Another Gibson acoustic in for a setup. Note how low the saddle extends out of the bridge. This guy is just about ready for a neck reset.
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A 1960s Gibson J-50 in for a setup. Note the super thick pickguard on these.
A gorgeous 1933 Gibson L-12 archtop in for a new pickguard. The guard was supplied by the customer without any hardware so I needed to source the appropriate parts. I did not want to drill any new holes so I used the same mounting points on the guitar. Gibson neck mounted some of these but this one was anchored in the top. First I made a wooden spacer and found an old slotted brass screw that looked right.
The tricky part of this installation is finding the best elevation over the top. Too close to the top and you will not be able to mount a floating pickup in the future. Too high and the guard interferes with your right hand. Another consideration is the angle in which the guard gradually falls away as you move from the strings towards the lower bout. This is more of a cosmetic thing that just looks good or odd.
Note that I had to add spacers to both ends of the bracket to get the angles right. There is even a little piece of leather on the bracket spacer where it comes in contact with the body binding.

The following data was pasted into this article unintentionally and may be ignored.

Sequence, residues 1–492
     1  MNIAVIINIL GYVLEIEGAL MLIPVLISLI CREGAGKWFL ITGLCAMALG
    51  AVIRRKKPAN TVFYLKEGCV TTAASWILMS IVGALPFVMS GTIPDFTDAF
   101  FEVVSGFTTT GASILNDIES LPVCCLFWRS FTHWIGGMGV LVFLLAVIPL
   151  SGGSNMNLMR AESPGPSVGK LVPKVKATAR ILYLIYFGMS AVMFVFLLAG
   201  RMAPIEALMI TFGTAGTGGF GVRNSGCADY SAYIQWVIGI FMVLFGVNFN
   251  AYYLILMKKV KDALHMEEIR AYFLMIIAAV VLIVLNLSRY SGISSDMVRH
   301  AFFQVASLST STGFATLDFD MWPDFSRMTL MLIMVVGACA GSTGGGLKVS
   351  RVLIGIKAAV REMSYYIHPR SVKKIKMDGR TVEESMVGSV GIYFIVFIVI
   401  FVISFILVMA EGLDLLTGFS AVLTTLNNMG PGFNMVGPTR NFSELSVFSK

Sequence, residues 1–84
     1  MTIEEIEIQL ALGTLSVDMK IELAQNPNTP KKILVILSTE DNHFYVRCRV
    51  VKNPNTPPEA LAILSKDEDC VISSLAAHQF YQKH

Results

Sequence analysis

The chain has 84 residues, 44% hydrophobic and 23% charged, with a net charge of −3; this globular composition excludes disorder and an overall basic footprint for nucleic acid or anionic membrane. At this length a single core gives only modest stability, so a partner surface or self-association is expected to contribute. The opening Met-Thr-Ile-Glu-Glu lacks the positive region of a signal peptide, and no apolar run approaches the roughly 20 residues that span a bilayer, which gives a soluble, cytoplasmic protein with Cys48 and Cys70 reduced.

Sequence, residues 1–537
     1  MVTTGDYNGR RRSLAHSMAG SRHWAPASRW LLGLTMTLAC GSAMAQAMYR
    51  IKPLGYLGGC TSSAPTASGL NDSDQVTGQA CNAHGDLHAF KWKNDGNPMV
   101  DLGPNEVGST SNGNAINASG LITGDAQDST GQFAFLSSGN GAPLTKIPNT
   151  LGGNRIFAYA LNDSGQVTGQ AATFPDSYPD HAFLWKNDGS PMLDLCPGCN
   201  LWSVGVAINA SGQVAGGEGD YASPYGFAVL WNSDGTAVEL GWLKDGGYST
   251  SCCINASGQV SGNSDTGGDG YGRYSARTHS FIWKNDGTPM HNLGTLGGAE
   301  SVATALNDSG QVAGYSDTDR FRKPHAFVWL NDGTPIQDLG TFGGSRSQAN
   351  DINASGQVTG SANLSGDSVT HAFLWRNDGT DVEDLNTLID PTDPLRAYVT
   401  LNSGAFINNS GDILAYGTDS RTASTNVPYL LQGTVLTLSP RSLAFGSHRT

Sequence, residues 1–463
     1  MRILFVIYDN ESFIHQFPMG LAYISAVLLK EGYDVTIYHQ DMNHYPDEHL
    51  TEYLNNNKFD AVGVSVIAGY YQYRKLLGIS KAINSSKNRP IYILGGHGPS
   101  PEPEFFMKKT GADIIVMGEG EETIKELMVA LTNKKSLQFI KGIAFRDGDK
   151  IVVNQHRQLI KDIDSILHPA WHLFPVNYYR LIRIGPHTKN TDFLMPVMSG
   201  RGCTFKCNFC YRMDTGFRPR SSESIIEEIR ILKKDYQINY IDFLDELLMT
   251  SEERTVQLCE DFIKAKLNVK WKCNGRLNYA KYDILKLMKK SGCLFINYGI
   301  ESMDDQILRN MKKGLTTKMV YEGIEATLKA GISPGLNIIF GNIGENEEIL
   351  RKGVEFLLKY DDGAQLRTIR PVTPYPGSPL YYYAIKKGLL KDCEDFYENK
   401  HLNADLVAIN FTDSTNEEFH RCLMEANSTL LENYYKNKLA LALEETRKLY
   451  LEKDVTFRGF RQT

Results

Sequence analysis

A local player wasn't digging these mini humbuckers and wanted to install full size humbuckers in his Gibson 1970's Tribute Les Paul Studio. This involves enlarging both pickup cavities with a router. I used a straightedge to guide my cuts.
Next is installing corner blocks in order to mount the pickup rings.
The player supplied a Gibson PAF for the neck and a WCR Icebreaker for the bridge. New cream pickup rings were fit to the top before the pickups could be mounted. Making the solder connections at the pots finished off the mini to full size humbucker conversion.
A nice little Les Paul Studio in for a bone new nut and some switching issues. The toggle switch had been replaced and the solder connections were rather poor. This style switch is designed to break the connection as opposed to making a connection. The pickups would cut in and out and there was no neck-only position. The neck position was not properly kicking away the bridge pickup connection so the contacts needed to be physically adjusted to allow the neck-only pickup.